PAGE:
The law doesn’t protect all hedgerows, however. 
    “If it’s a younger hedgerow, say under 30 years old, and it is shorter than 20 meters [66 feet] long as well, then it doesn’t come under hedgerow regulation,” Marrington says.
    Ledder notes how hedgerows are important to more than plant and animal species. “Today, predominately due to the invention of barbed wire, they are no longer able to fulfill their original function as a stock-proof barrier,” she says. “However, hedgerows and their associated trees, banks, ditches and margins provide a wide range of valuable services that benefit people. They include not only biodiversity services, but also regulating services such as landscape aesthetics and historical heritage, and provisioning services such as firewood and food.”
    Carbon Capture
    Hedgerows can also assist in the fight against climate change. Each kilometer of a new hedgerow has the capacity to store 600 to 800 kilograms [1,323 to 1,764 pounds] of carbon dioxide per year for up to 20 years. 
    “They store carbon and provide firewood as well, which is a renewable fuel,” Marrington says.
    The lines of hedgerows drawn all over the English countryside have given people like Marrington something else for hundreds of years: peace of mind. 
    “I certainly find when you see a really good hedgerow—really sort of bushy with loads of flowers—it is really peaceful,” she says.
    Marrington suggests downloading the CPRE’s “A Little Rough Guide around the Hedges” and then utilizing it for a greater appreciation of hedgerows when visiting the English countryside.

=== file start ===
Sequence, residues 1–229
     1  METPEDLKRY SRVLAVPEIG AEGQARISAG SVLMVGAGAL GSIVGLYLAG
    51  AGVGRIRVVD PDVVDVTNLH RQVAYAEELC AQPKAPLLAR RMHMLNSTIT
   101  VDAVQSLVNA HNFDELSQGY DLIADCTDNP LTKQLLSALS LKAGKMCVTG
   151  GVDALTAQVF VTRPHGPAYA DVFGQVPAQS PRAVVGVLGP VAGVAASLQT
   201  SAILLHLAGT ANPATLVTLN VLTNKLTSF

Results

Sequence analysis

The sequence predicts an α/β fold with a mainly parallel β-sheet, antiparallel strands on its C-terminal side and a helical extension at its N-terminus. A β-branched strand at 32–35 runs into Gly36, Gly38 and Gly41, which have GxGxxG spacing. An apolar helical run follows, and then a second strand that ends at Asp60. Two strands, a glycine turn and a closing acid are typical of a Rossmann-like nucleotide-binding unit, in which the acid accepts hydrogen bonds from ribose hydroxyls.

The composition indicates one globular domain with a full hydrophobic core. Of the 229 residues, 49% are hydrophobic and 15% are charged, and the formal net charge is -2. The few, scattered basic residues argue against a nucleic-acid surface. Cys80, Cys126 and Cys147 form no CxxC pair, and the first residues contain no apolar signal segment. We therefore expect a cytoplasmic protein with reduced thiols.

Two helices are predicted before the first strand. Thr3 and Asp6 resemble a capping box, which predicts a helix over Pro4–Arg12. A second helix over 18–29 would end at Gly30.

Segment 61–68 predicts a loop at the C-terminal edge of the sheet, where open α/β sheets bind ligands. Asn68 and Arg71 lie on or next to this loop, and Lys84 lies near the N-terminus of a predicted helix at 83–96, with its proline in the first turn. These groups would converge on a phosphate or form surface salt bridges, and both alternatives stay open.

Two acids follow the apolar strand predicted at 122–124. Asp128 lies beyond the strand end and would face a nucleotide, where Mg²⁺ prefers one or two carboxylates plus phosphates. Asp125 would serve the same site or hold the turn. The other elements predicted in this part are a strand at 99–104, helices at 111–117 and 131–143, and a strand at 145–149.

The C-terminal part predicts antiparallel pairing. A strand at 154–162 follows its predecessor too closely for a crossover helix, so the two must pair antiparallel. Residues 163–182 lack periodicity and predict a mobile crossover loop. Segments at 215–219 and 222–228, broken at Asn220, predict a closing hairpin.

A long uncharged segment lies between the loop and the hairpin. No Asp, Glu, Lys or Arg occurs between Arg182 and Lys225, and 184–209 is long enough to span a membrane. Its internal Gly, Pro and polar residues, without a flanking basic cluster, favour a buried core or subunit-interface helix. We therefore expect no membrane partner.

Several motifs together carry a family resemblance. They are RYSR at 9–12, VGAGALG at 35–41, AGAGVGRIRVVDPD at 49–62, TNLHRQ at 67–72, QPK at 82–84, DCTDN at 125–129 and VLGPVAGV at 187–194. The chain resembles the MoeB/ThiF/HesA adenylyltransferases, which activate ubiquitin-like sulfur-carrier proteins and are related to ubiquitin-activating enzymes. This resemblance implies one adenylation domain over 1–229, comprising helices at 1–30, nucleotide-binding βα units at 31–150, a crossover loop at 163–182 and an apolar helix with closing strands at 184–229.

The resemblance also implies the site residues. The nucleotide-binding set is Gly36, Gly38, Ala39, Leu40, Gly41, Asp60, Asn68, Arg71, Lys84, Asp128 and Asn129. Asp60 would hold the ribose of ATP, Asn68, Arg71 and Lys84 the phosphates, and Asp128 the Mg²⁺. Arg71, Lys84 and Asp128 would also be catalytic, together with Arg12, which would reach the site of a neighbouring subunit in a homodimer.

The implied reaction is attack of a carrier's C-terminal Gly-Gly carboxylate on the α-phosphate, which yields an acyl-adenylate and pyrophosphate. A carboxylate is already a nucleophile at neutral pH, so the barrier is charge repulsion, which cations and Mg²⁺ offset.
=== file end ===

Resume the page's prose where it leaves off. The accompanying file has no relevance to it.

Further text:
“Try to identify different plant species within it,” she says. “Just get engaged and look at the bottom of a hedgerow and start pulling back a bit of grass to see what insects and creatures are within a hedgerow.”
    Hedges of Biodiversity
    Hedgerows are the historic "patchwork quilts of the English countryside."
    Hills of Hedges
    Devon, a hilly county in southwest England, is known for its rich hedgerows. Devon’s hedges allegedly stretch close to 53,100 kilometers (33,000 miles).
    Historic Hedge
    Judith’s Hedge in Cambridgeshire is estimated to be more than 900 years old.
  • Term Part of Speech Definition Encyclopedic Entry
    adviser Noun

    person who offers informed advice about an issue.

    aesthetics Noun

    study of beauty.

    bank Noun

    a slope of land adjoining a body of water, or a large elevated area of the sea floor.

    barbed wire Noun

    twisted metal with sharpened points, often used for fences.

    barrier Noun

    obstacle or object that prevents movement.

    benefit Verb

    to be helpful or useful.

    biodiversity Noun

    all the different kinds of living organisms within a given area.

    Encyclopedic Entry: biodiversity
    boundary Noun

    line separating geographical areas.

    Encyclopedic Entry: boundary
    breed Verb

    to produce offspring.

    Bronze Age Noun

    time period between the Stone Age and the Iron Age. The Bronze Age lasted between 3000 BCE and 500 BCE.

    cattle Noun

    cows and oxen.

    climate change Noun